Hilary Parker - Data Scientist, Stitch Fix
Talk Title: A design mindset for working with data
As scientists, we are eager to discuss data — why we got it, what it shows and what we do because of it. However, as a field we've lagged behind in discussing the nitty gritty around the how. How did you upload, store and process the data? How did you decide to include a bar graph over a table? How did you make sure that your analysis was correct? Many professional groups, such as operational engineers and designers, are faced with similar problems and have created their own paradigms for tackling these less publish-able, but still critically important, aspects of our profession. In this talk, I will share what I have observed working in the technology sector, with the hope that cross-pollination will lead to more robust practices for everyone.
William Powell, PhD - Co-Director of the American Chestnut Research & Restoration Project,
Talk Title: The American chestnut: using the tools of biotechnology to help rescue a keystone tree species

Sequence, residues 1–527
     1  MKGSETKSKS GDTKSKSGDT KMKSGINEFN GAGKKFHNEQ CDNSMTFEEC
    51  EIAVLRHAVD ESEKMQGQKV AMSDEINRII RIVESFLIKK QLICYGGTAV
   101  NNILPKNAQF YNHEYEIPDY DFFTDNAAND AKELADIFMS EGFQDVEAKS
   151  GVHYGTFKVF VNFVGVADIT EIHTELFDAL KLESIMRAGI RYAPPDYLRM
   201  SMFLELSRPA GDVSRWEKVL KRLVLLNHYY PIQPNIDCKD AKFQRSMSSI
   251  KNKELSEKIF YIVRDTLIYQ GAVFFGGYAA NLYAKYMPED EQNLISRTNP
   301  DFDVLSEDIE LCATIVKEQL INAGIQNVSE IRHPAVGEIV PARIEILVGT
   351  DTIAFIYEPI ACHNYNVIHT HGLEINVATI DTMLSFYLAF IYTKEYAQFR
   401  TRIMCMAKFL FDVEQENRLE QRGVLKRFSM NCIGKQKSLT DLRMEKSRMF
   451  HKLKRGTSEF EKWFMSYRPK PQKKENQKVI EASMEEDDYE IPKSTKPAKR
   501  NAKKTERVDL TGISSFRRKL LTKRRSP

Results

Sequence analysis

The chestnut blight’s devastating effect on the American chestnut is a classic example of how an invasive pathogen can alter forest ecosystems and disrupt people’s livelihoods. Because of the American chestnut tree’s environmental, economic, and social importance, many tools have been brought to bear on the chestnut blight problem, but with minimal success. Initiated by members of the public, Powell and his colleagues focused on enhancing blight tolerance, which is considered a more evolutionarily sustainable type of defense mechanism. To enhance blight tolerance, a gene encoding an enzyme that counteracts the pathogen’s key virulence factor, oxalate, was added using the tools of genetic engineering. Several environmental impact experiments have been completed demonstrating no significant differences between the transgenic and non-transgenic chestnut. Next, the trees will be reviewed by up to three federal regulatory agencies, the USDA, EPA, and FDA. Once approved, these blight-tolerant American chestnut trees may be used to help rescue the genetic diversity and local adaptations in the remnant, surviving population of American chestnut and serve as an example to help other threatened tree species.
Boyd Padgett, PhD - Professor at LSU
In the field: Boots on the ground
Being in the field provides pathologists a platform to monitor disease epidemics, monitor for and document pathogen resistance to fungicides, provide timely recommendations for management, and identify new diseases. This important information gathered in the field can be used to justify and develop research projects to address emerging disease problems, as well as validate new management practices.